At the weekend I heard Tony Harris, a Scottish bee farmer, give two talks at the annual Cornwall Beekeepers Association/West Cornwall Beekeepers Association ‘Bit of a Do’ conference. Here are my notes from his talk, which had plenty of jokes along with plenty of great tips.
Obviously Scotland is a looong way up from Cornwall, so Tony reckons his hives in the Moray Firth are about two months behind ours. After going up to 150 hives last summer and nearly killing himself running around after them all, this summer he’s reduced his operations down to 70 hives. He needs honey for money, so here’s his advice on how to get it.
- You need a plan – write it down
- You need the right bees – young queen, strong colony. More than 1 queen per hive helps!
- Rigorous management – regular inspections
- Swarm prevention and control (more on that later)
- Apiary location – know your forage! And think about the numbers of hives, not just in your apiary but locally.
Some general tips
- Keep strong colonies – build up large colonies before the main summer flow
- Check stores in winter
- Replace 1/3 of your brood combs per year – consider the ‘shook swarm’ method to do all your brood combs in one go in spring
- Cull poor queens
- Carry out integrated pest management for varroa all season, monitor!
- After you’ve dealt with swarming and have seen the new queen is laying, relax inspections. Let them get on with it.
- Build up a store of drawn comb for supers. You can keep using super comb for years and years.
- Tony doesn’t mark his queens the year they emerge, as he’s had them balled by the bees if he marks too early. Instead he waits for the following spring – easier then too, as there’s less bees in the colony come spring.
Tips for finding queen
- Use minimal smoke
- Do not be distracted, have a one-track mind on finding her
- Go straight to the middle brood frames and examine the ‘dark side’ of frames first as you lift them out.
- Last resort – use the wine method! (This would be when you phone up your best beekeeping buddy and offer them a bottle in return for them finding her majesty).
Getting foundation drawn
- Tony does a lot of ‘chimneying’. This involves putting an empty large poly brood box full of foundation over a colony in a poly nucleus, and feeding. He will quickly have a box full of drawn out foundation.
Tony’s main honey crops
- Oilseed rape (OSR) – harvest May/June
- Main summer – harvest August
- Ling heather – harvest September
He takes colonies to OSR in mid-April, puts three supers on at once, then goes on holiday for a week. Then comes the hard part – “If you’ve got a nice job you enjoy don’t even think about being a bee farmer”. After returning from holiday he extracts the oil seed rape honey fast, as otherwise it sets like rock extremely quickly. He will extract 10 supers a day, in 16 hour shifts. Starting in the early morning, working through to 10pm at night, having a shower, then starting again the next morning. Hot, heavy, sweaty work.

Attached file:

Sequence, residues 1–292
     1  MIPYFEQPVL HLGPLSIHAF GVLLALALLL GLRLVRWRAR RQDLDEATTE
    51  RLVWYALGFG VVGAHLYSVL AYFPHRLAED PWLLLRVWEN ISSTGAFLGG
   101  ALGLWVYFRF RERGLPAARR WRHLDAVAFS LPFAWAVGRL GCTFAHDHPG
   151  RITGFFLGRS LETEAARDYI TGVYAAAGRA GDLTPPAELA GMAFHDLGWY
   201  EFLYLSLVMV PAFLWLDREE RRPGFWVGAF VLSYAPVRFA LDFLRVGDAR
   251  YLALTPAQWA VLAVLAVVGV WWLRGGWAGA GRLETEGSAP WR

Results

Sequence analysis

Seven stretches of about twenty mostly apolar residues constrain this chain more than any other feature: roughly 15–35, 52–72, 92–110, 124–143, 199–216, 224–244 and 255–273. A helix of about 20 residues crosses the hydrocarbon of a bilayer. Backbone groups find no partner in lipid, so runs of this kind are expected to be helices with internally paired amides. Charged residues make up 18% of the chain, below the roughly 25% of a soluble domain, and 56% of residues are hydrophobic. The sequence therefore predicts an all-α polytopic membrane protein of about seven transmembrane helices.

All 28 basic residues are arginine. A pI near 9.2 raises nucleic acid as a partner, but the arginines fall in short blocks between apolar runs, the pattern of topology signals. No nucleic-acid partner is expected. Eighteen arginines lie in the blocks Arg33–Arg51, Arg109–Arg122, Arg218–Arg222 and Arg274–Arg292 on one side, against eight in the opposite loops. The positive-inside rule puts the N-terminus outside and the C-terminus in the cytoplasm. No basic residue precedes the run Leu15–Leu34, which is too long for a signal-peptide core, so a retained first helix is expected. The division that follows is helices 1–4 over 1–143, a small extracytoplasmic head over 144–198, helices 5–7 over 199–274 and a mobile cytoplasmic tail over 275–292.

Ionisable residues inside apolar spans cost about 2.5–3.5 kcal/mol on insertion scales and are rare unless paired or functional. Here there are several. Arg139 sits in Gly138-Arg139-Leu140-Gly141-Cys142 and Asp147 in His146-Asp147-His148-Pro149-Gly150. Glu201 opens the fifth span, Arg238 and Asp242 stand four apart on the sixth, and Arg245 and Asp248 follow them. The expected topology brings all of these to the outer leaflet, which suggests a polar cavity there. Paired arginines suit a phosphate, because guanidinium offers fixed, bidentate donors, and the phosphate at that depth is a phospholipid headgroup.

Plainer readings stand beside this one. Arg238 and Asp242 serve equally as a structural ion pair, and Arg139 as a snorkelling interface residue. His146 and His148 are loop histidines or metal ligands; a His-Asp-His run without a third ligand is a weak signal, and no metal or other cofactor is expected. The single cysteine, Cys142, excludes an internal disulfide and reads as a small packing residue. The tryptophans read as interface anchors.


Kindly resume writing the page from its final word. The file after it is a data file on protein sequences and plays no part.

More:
Part of the skill of being a bee farmer is keeping strong colonies, which means avoiding having swarms. Tony uses a much more proactive form of swarm control than me, which I was intrigued by. He’s found that making up nucleuses is the easiest method for him. He removes 1,2,3 or 4 frames from a colony in spring to delay its swarm preparations. He then puts foundation in the middle of the boxes the frames are taken from – as he noted, contrary to what beekeeping books will tell you!
The removed frames are used to make up 5-frame nucs: 2 frames of honey/pollen, at both ends, 2 frames of eggs/larvae, 1 frame foundation, plus bees shaken in. So instead of waiting for queen cells like I do, he effectively forces the bees into an early swarm, making their new queens in the nuc instead. I’m interested in trying this out, as what with work, a young family and having my bees at an out-apiary, it can be challenging keeping up with all the swarms down here!
My next blog post will be notes from Dr Ben Woodcock’s talk on “Neonicotinoid pesticides and bees”.
Intrigued to see that you will be reporting on Ben Woodcock’s talk. I taught him when he was an undergraduate at Imperial College, and then he did his PhD with me 🙂
Ah fantastic! You will probably be familiar with the research he talked about already then. It was a surprise to me to hear that oil seed rape may soon become uneconomic in some parts of England and farmers are likely to switch to new crops.
There has been a decline in OSR planted area yes.